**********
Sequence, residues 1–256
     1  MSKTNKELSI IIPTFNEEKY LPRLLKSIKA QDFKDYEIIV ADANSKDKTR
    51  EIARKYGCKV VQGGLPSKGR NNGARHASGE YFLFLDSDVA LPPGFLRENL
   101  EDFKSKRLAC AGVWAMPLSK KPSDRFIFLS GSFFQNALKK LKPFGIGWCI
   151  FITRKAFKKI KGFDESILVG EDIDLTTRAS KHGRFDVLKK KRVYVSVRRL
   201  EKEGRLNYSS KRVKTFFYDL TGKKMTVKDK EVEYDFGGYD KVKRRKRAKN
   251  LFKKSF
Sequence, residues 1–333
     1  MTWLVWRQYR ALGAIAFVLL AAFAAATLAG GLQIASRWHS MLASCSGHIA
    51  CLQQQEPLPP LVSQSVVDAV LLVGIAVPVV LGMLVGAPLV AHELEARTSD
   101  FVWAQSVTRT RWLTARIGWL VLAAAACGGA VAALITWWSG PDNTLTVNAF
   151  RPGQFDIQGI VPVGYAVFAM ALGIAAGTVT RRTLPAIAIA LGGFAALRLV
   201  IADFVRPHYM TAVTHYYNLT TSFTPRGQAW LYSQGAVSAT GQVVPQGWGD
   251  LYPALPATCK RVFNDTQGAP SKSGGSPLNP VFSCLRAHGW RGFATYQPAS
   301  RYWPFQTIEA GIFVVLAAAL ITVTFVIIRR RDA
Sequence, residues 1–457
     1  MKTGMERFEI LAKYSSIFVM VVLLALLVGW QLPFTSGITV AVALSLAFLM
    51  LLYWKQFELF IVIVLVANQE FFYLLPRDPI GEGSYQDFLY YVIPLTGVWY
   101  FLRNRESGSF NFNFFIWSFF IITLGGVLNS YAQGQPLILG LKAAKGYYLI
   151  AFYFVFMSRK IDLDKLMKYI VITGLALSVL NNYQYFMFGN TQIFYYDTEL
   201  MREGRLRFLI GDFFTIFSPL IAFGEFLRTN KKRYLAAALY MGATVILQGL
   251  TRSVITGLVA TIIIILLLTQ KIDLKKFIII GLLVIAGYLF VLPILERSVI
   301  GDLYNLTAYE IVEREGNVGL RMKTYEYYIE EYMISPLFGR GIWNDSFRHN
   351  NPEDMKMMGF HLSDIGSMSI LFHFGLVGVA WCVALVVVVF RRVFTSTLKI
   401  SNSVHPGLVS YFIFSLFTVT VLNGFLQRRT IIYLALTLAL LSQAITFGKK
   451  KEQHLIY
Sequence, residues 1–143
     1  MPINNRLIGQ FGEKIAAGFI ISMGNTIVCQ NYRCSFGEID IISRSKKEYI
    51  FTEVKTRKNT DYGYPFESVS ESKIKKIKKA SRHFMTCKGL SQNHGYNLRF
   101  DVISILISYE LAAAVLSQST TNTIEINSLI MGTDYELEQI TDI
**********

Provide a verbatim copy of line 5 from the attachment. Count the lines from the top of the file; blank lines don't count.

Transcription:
   151  FITRKAFKKI KGFDESILVG EDIDLTTRAS KHGRFDVLKK KRVYVSVRRL